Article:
I am currently reading my way through a long list of science fiction and fantasy titles. (http://www.npr.org/2011/08/07/138938145/science-fiction-and-fantasy-finalists if you are interested in the list).
"Reader, she married me."
For one hundred seventy years, Edward Fairfax Rochester has stood as one of literature's most romantic, most complex, and most mysterious heroes. Sometimes haughty, sometimes tender-professing his love for Jane Eyre in one breath and denying it in the next-Mr. Rochester has for generations mesmerized, beguiled, and, yes, baffled fans of Charlotte Brontë's masterpiece. But his own story has never been told.
Now, out of Sarah Shoemaker's rich and vibrant imagination, springs Edward: a vulnerable, brilliant, complicated man whom we first meet as a motherless, lonely little boy roaming the corridors and stable yards of Thornfield Hall. On the morning of Edward's eighth birthday, his father issues a decree: He is to be sent away to get an education, exiled from Thornfield and all he ever loved. As the determined young Edward begins his journey across England, making friends and enemies along the way, a series of eccentric mentors teach him more than he might have wished about the ways of the men-and women-who will someday be his peers.
3.5 stars, rounded up to 4 on Goodreads because I enjoyed the first half of the book so much. The author remained very true to Brontë’s Jane Eyre and even managed to incorporate aspects of Rhys’ Wide Sargasso Sea. I have to admire that!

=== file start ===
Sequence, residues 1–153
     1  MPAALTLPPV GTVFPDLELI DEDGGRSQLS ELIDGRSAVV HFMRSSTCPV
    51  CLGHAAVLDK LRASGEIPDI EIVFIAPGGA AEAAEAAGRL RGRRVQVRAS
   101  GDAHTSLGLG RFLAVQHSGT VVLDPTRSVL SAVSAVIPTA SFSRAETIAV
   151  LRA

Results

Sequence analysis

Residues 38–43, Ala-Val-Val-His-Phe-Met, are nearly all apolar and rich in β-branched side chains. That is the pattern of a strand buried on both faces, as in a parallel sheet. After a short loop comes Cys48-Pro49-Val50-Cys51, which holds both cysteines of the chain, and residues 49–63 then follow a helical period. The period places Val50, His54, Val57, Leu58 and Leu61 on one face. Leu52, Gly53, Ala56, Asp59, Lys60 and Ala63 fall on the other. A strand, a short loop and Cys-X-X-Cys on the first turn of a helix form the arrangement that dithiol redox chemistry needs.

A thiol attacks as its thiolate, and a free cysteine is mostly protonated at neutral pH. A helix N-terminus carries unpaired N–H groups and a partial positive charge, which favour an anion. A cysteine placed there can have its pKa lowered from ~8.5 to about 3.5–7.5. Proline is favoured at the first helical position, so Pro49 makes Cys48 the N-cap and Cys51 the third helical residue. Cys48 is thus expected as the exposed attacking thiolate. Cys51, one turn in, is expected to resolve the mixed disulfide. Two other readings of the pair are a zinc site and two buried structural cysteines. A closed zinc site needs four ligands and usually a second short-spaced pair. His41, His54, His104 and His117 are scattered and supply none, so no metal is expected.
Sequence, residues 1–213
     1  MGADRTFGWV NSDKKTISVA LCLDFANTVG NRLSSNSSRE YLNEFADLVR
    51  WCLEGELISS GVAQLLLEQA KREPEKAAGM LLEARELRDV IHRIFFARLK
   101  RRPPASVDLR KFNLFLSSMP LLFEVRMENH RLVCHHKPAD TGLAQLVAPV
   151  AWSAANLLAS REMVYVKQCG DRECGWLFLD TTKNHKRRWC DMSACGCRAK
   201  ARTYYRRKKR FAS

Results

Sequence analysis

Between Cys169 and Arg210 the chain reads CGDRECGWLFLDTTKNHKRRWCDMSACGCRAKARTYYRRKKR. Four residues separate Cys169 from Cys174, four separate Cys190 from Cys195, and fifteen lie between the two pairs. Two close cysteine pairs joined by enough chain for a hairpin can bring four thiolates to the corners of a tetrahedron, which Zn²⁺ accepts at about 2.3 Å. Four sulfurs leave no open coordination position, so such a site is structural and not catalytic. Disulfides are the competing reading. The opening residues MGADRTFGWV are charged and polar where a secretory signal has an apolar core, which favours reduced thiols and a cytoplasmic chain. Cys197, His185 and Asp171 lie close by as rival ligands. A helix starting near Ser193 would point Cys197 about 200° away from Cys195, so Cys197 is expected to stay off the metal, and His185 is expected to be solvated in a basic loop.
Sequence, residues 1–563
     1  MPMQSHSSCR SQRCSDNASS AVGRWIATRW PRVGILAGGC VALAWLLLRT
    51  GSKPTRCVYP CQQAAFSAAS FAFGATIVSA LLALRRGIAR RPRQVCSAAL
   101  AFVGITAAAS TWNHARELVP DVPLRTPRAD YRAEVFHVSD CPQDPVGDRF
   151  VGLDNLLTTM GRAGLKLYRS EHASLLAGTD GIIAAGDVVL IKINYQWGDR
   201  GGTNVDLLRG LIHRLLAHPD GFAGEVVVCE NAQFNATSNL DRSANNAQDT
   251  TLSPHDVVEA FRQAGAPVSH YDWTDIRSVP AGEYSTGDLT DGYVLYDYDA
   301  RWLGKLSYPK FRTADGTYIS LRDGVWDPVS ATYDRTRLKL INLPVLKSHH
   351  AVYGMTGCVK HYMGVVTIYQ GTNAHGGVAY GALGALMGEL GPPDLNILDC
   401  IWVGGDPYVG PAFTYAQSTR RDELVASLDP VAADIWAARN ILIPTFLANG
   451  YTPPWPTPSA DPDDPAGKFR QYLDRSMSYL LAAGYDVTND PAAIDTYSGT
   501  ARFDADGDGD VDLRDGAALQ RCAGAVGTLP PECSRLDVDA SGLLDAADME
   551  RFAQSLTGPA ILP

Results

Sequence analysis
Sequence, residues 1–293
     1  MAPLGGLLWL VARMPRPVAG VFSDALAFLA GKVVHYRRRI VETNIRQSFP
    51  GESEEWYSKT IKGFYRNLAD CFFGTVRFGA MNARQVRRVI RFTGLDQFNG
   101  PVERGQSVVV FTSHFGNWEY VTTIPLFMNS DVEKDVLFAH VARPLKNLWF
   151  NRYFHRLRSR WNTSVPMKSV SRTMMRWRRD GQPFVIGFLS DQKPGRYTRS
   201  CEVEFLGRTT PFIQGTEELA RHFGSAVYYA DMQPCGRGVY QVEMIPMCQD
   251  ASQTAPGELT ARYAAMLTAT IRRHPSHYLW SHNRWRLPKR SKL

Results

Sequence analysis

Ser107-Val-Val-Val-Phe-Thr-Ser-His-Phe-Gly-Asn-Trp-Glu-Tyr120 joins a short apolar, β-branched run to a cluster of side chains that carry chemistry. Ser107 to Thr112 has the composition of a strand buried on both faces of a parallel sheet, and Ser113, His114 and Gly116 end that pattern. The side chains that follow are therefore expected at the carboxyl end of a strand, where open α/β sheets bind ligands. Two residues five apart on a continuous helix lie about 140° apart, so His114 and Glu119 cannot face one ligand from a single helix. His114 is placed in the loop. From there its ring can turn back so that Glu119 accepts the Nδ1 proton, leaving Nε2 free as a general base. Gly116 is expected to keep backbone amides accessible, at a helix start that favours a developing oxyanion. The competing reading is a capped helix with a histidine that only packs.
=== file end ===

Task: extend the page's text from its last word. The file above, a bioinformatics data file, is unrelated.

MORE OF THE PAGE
The first half of the book, dealing with Edward Fairfax Rochester’s life before he meets his Jane, was the most enjoyable for me. I loved the back-story that Ms. Shoemaker created for him—the vulnerable, sensitive little boy who missed his mother and was ignored by his father. She obviously spent a great deal of time on the question, “What made Mr. Rochester into the man who met Jane Eyre?”
Once Jane appears in this text, however, there are constraints. You don’t mess with the Jane Eyre story, after all. For me, things changed at this point. Instead of the colourful, free painting that Shoemaker began with, she was reduced to paint-by-number. She introduced some interesting ideas that aren’t in Brontë’s original, but then has to wrap them up swiftly and neatly in order to fit into the accepted canon.
In short, very true to the original work and another interesting look at an old favourite.